I don't think it's an anti-fashion line, but we try to think differently, especially in terms of gender. For example, we insist on doing clothing not just for men or women, but for people. We don't deal with stereotypes, which are boring and ugly for us.
You had a lot to say about gender in your spring collection.
Yes, we tried to merge displaced male and female lifestyles. We linked together images and cliches of 1990’s aesthetics, so often influenced by transgender performers: the cross-dresser, the dyke, feminine men, masculine women, queer clubwear, the ridiculously romantic look and avant-garde chic. We tried to achieve a new kind of aesthetic from a time when queer and gender theory became an important academic discourse.
I take it you're a champion of the disenfranchised?
We present people off the beaten track that nowadays is so full of either the teenage couture fairies lying around in magazines or the “I can wear a sexy dress and high heels and still be independent and strong” MTV lot. We're particularly against the fashion world’s careless and cynical “we are so over it” eye-rolling on the topic of politics, as if it were obviously no longer a contemporary concern.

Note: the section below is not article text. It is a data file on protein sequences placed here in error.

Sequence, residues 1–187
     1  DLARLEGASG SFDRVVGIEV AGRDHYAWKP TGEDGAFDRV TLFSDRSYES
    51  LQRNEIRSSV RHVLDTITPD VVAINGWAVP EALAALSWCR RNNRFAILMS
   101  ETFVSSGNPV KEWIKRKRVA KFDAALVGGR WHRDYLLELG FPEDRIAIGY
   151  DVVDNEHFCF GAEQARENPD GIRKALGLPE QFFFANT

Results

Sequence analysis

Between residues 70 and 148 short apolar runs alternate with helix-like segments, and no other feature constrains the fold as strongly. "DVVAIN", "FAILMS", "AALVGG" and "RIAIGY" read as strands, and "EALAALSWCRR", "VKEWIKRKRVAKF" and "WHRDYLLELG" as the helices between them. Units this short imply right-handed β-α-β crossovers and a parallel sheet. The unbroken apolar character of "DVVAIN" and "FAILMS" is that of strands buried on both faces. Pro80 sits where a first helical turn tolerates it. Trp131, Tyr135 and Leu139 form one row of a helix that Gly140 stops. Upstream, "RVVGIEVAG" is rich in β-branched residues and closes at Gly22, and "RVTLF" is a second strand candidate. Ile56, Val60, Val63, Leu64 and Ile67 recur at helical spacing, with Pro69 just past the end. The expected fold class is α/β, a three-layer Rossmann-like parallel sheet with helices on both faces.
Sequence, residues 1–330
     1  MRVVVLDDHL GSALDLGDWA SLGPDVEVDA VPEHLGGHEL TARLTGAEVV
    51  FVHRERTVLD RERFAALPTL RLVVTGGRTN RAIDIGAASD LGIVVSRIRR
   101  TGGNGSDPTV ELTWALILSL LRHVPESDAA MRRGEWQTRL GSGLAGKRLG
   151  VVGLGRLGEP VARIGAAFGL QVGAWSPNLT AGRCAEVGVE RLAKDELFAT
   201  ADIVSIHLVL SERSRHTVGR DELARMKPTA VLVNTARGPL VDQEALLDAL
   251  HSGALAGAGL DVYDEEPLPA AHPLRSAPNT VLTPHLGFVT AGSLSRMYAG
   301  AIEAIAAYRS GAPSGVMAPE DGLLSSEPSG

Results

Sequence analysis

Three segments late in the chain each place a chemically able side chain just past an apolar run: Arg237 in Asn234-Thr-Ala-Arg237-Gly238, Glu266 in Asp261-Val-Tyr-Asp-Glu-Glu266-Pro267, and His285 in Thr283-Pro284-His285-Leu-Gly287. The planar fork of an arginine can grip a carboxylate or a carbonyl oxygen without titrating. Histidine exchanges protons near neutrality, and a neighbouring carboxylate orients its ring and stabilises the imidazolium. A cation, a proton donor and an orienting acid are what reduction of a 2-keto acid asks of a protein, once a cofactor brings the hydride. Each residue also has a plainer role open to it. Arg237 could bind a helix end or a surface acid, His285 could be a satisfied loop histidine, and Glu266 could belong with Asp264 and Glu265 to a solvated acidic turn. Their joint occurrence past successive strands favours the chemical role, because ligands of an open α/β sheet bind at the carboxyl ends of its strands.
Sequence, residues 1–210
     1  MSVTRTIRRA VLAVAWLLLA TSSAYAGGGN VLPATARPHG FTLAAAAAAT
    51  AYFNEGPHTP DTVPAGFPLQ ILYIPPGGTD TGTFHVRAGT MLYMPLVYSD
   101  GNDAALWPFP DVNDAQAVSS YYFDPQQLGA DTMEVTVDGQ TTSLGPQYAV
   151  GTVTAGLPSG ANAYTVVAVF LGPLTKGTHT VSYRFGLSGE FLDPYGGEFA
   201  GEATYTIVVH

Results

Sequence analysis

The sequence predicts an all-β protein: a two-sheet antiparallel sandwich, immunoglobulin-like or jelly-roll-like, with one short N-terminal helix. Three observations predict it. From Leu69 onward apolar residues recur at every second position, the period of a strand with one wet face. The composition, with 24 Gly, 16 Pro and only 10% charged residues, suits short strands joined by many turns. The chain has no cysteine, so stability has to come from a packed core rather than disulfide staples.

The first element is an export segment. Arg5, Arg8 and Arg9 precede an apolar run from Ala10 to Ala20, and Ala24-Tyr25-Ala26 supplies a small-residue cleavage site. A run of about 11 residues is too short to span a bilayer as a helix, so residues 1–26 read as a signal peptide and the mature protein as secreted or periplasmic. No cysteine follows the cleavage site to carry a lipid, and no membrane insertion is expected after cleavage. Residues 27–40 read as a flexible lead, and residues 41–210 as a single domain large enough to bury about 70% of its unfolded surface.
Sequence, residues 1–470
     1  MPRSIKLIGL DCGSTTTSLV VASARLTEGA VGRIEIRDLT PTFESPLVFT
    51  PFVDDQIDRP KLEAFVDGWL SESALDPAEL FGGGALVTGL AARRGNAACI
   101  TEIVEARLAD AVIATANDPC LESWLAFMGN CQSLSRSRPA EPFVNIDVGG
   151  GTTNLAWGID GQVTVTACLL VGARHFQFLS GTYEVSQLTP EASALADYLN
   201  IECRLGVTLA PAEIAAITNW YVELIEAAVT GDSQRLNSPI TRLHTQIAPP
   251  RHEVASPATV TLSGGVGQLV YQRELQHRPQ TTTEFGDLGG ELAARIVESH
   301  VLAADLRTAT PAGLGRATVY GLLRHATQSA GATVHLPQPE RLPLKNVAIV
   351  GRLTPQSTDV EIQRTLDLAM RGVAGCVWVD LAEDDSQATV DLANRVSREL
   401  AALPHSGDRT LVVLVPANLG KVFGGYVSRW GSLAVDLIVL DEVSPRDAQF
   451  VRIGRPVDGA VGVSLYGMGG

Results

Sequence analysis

The label sounds very politically conscious then.
Yes, socio-politically. The spring collection, like the one before, was produced in collaboration with Merit, an Austrian association promoting the re-integration of long-time unemployed women. Our tailoring, for example, is intended to help these women in the countryside get back into the work force. We also work with Gea, a shoe manufacturer with a social and political attitude. And everybody gets paid fairly—well, except us. In this way, we try to show different ways or other sides of life or other lives. We try to push change forward slowly. We're not perfect, but we are working on that.
Environmentally, too, your clothes are made responsibly?
Yes. Most of our fabrics are organic and plant-dyed without chemicals, or they're pure wool, linen or cotton. If not, they meet eco-standards otherwise.
Who else works on the label?